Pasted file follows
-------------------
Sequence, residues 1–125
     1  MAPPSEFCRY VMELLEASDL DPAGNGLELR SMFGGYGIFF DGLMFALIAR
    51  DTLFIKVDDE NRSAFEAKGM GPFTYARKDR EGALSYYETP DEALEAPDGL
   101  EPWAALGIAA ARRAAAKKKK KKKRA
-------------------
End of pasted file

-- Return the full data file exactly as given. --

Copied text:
Sequence, residues 1–125
     1  MAPPSEFCRY VMELLEASDL DPAGNGLELR SMFGGYGIFF DGLMFALIAR
    51  DTLFIKVDDE NRSAFEAKGM GPFTYARKDR EGALSYYETP DEALEAPDGL
   101  EPWAALGIAA ARRAAAKKKK KKKRA